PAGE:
2014 constant op. profit guidance of €5.8B-€6B is being reiterated. If currency rates remain at June levels, forex is expected to have a 2% 2014 impact on revenue and op. profit growth.
Cloud subscription/support revenue rose 32% Y/Y (to €242M) in Q2, even with Q1's clip. Traditional software license revenue (hurt by cloud competition) fell 2% (to €957M), an improvement from Q1's 5% decline. Support revenue (based on past deals, fairly stable) rose 4% (to €2.28B) vs. 5% in Q1.
Cost controls helped drive the EPS beat: Opex only rose fractionally Y/Y to €2.92B, even as headcount rose 4% to 67,651.
SAP's annual cloud revenue run rate rose to ~€1.2B from ~€1.1B at the end of Q1. ~1.2K customers are now running its core Business Suite on top of the Hana in-memory database (up from ~1K), and there are ~3.6K Hana customers altogether (up from ~3.2K). Deferred cloud subscription/support revenue rose 29% Y/Y to €448M.
Political turmoil in Russia may have affected SAP's (SAP +1%) Q2 sales to the country, writes JPMorgan, while cutting its PT for the business software giant by €2 to €60 ($81.60).
JPMorgan is also concerned about weakness in other emerging markets, and believes SAP's U.S. license revenue is still under pressure. U.S. revenue (inc. both software and services) rose 4% Y/Y to €1.065B, but its sales to the rest of the Americas fell 7% to €356M. Likewise, Asia-Pac sales (emerging markets-dependent) fell 8% to €511M.
The note comes ahead of SAP's July 17 Q2 report. Shares sold off in April following a Q1 miss driven by a 5% Y/Y drop in traditional license revenue to €623M (overshadowed a 32% increase in cloud revenue to €221M).
The in-memory version of Oracle's (ORCL) flagship 12c database, first detailed last September, has officially launched. Oracle continues to promise major gains in query speeds and transaction-processing rates relative to a standard database, as well as easy integration with both regular Oracle databases and 3rd-party apps.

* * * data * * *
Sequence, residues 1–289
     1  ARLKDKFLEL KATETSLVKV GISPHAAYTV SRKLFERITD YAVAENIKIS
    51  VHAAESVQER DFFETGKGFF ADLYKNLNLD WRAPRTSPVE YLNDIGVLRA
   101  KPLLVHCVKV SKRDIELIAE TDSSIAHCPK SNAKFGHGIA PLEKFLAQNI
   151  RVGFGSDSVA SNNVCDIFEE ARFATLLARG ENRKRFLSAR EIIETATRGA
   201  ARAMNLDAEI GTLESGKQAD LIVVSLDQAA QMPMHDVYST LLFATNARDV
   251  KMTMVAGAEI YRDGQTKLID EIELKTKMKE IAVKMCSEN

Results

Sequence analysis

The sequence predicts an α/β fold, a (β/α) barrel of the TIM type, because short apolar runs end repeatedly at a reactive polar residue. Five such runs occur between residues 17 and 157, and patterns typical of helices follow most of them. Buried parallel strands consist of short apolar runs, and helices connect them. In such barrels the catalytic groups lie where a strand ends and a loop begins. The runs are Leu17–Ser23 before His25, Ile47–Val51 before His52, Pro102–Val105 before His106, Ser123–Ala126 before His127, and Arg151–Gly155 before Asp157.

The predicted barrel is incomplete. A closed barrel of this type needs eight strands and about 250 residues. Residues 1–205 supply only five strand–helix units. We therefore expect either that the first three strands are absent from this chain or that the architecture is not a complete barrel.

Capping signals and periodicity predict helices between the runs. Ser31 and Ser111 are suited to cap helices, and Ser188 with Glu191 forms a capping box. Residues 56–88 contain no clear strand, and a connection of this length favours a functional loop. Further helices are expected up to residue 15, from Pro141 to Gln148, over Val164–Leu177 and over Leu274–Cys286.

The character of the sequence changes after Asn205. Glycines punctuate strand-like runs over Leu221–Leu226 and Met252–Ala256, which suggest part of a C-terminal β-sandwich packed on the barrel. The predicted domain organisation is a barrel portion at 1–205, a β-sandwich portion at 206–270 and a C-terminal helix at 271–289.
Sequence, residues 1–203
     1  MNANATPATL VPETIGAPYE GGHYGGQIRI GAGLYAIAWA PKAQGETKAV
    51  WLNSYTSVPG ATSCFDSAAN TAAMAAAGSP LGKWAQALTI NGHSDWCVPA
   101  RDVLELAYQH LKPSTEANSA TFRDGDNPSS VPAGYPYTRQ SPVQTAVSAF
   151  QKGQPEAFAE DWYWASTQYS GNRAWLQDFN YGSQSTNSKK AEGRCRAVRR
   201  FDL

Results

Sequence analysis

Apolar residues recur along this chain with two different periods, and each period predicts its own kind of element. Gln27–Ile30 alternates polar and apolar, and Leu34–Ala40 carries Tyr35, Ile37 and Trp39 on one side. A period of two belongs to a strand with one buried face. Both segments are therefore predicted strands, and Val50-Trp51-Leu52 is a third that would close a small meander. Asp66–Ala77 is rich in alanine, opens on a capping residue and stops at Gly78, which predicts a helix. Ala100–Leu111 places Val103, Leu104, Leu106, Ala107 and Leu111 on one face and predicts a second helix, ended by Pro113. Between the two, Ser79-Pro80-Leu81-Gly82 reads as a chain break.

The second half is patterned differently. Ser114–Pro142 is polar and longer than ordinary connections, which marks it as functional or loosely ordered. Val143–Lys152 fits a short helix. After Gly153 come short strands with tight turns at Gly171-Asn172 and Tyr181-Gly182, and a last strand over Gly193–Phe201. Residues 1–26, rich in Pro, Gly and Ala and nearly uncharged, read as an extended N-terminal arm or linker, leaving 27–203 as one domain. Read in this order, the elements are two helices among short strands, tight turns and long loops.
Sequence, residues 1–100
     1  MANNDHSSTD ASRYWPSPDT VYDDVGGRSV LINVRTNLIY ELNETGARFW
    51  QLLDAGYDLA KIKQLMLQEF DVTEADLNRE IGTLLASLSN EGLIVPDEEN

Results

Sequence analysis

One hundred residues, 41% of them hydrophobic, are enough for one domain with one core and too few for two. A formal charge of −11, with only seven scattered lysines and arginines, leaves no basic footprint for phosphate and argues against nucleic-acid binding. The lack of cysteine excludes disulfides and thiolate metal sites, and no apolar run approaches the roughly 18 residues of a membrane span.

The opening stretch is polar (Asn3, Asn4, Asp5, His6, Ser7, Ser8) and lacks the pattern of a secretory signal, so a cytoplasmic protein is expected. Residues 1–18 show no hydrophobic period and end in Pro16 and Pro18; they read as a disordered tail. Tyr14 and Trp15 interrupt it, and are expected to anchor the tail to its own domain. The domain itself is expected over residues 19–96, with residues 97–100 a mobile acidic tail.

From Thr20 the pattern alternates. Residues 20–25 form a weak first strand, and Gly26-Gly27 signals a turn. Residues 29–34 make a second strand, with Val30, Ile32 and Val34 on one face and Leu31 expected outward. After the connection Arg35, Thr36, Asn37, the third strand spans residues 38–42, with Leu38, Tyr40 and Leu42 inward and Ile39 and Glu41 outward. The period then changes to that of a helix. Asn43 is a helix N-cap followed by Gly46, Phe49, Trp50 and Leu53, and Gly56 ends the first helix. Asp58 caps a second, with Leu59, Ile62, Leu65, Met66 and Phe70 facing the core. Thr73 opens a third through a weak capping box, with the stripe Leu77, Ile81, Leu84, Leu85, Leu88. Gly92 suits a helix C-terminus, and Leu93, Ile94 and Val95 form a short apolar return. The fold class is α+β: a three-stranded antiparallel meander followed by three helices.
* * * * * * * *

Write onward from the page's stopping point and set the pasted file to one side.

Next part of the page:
The launch is aimed squarely at SAP's Hana in-memory database, which saw its sales rise 61% last year to €633M ($855M) and has developed a strong ecosystem.
As one might expect, Oracle argues integration with standard 12cand mature database feature set give it an edge - Larry Ellison claims data can be moved in-memory "within minutes." Ellison adds 12c in-memory is only meant to handle active data; all other data is left on cheaper flash memory or hard drives.
In April, Microsoft updated its SQL Server database (has gained share against Oracle in recent years) to include in-memory features.
Germany's Der Aktionärreports SAP (SAP +2.1%) might be looking to acquire Tibco (TIBX +5.5%). The latter's shares have jumped in response.
Buying Tibco would strengthen SAP's middleware offerings - IBM/Oracle have a big chunk of the market - and also provide it with an analytics/data visualization platform (Spotfire) to complement its Hana in-memory database.
But an acquisition price would likely be north of $4B, and Spotfire has been struggling lately amid tough competition from Tableau and others.
On Twitter, Germantrader suggests taking the report cautiously, calling it "guesswork" and stating Der Aktionär "is not trusted in Germany."
SAP has suggested it could make some large deals, as cloud competition pressures its on-premise software license sales. Recent purchases include marketing software firm SeeWhy and labor-management software firm Fieldglass.
Acquisition-hungry SAP's (SAP -0.3%) latest buyout target is SeeWhy, a top provider of behavior-analysis online marketing software. Terms are undisclosed.
SeeWhy's products monitor/analyze the activity of online/mobile shoppers, and use their findings to deliver personalized e-mail follow-ups and targeted ads. Its offerings complement those of SAP's hybris unit, a leading provider of e-commerce infrastructure software (acquired last year, possibly for $1B+).